- Meeting abstract
- Open Access
Absolute GABA spectroscopy with MEGA-PRESS and watermapping in sensorimotor and visual cortex and correlation to handedness
© Oeltzschner et al; licensee BioMed Central Ltd. 2014
- Published: 19 June 2014
- Primary Motor Cortex
- Gaba Concentration
- Primary Motor Area
- Absolute Water Content
- Unsuppressed Water
Quantification of γ-aminobutyric acid (GABA) concentrations in the brain has been the subject of many studies . Nevertheless, quantification procedures vary substantially, mainly in terms of choice of the concentration reference. While in some cases creatine (Cr) or N-acetyl aspartate (NAA) are assumed to be of quasi-constant concentration (intra and inter subject), this may not be the case in pathologies, so that the use of an unsuppressed water reference should prove more reliable. In this work, a “water concentration ground truth” from the MRS voxel is pulled from a watermapping technique presented in .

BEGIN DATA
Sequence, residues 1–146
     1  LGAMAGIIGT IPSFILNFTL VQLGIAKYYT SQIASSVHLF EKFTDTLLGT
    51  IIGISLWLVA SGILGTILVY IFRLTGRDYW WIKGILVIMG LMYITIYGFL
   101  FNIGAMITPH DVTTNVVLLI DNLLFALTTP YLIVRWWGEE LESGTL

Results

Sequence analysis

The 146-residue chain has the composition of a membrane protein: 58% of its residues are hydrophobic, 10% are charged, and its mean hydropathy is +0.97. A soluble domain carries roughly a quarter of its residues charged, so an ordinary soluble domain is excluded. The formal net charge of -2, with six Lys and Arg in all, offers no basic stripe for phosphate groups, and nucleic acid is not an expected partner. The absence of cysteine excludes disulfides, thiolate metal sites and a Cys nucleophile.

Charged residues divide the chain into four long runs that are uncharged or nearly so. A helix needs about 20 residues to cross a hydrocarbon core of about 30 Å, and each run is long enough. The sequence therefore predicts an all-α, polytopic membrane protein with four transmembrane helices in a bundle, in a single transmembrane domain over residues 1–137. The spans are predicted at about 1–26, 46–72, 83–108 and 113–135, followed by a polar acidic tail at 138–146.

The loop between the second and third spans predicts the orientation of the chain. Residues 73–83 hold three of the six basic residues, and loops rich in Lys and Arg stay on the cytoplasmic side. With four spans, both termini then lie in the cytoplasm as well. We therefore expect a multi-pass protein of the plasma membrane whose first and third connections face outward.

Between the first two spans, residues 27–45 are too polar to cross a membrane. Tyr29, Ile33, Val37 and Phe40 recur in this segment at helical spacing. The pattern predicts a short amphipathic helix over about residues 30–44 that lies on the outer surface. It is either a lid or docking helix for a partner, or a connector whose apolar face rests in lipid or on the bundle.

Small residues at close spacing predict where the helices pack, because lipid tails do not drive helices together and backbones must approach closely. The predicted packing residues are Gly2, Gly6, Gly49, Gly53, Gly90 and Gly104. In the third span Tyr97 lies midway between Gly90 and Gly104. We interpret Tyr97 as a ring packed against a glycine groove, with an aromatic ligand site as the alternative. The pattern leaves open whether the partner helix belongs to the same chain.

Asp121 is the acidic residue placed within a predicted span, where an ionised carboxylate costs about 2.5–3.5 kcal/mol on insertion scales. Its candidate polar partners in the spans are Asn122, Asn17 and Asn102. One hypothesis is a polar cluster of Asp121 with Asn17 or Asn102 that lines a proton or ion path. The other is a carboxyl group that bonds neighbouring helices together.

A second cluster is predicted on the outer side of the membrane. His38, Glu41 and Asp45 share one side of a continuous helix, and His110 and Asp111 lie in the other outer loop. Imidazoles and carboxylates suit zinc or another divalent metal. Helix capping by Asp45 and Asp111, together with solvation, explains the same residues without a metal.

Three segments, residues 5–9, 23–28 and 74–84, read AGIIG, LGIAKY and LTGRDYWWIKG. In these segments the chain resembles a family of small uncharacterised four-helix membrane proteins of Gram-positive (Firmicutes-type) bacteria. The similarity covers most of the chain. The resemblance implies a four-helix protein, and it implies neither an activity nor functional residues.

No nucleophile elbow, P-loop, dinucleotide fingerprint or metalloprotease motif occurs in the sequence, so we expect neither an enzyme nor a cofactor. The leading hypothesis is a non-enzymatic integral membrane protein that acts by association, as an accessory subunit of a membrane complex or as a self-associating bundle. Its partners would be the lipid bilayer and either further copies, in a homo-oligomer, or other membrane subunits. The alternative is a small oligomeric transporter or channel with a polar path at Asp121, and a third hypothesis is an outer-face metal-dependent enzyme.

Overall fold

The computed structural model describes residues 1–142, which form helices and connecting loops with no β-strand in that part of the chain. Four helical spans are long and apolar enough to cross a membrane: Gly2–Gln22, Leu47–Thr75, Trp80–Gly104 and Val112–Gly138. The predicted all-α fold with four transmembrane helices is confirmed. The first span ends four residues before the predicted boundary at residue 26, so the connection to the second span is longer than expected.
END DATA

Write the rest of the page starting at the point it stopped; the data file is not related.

All measurements are carried out on a clinical 3T whole-body scanner (Siemens MAGNETOM Trio A Tim System, Siemens Healthcare AG, Erlangen) with a 12-channel head matrix coil. MEGA-PRESS  spectra are acquired from the desired voxel (TR = 1500 ms, TE = 68 ms, V = 27 mL). This includes water-suppressed (NEX = 128) and non-suppressed (NEX = 8) spectra for the water reference. After that, the five required imaging sequences for watermapping are recorded, followed by a high-res 3D MPRAGE scan for segmentation purposes. Spectroscopy data are processed with jMRUI v4 (http://www.mrui.uab.es/mrui/). Processing includes zero fitting (1024 data points), apodising (Gauß, 5 Hz), zero-order phasing of the NAA peak to 180° and HLSVD-filtering of residual water and lipid contamination. The GABA peak at 3 ppm is fitted with the AMARES routine, employing a Gaussian single peak with relative phase of 0°. The unsuppressed water signal is phase corrected manually and also quantified with AMARES. Water maps are calculated from the five single measurements with the freely available software predictMS . The high-res 3D MPRAGE dataset is segmented by the SPMv8 (http://www.fil.ion.ucl.ac.uk/spm/) routine into GM, WM and CSF parts which are coregistered onto the water map. The MRS voxel information are read from the raw data (Siemens RDA) with a MATLAB (The Mathworks Inc., Natick/MA) routine and transformed into a binary mask. Thus, the absolute water content and the fractions of GM, WM and CSF in the voxel can be calculated from the water and tissue maps. Calculation of the absolute GABA concentration is carried out with T2,GM = 100 ms, T2,WM = 70 ms, T1,CSF = 4160 ms, T2,CSF = 500 ms, T1,GABA = 800 ms and T2,GABA = 130 ms. The method is applied to 16 healthy volunteers (8M, 8F, Æ age 30.5 ± 10.8 y) who underwent a handedness dominance test (HDT) by Steingrüber previously. MRS voxels were placed in the left (LMOT) and right (RMOT) sensorimotor cortex area (centered on the respective „hand knob“) as well as in the occipital visual cortex area. Furthermore, a measure for the asymmetry of GABA concentrations over LMOT and RMOT is introduced as ASYM = (LMOT-RMOT) / (LMOT+RMOT).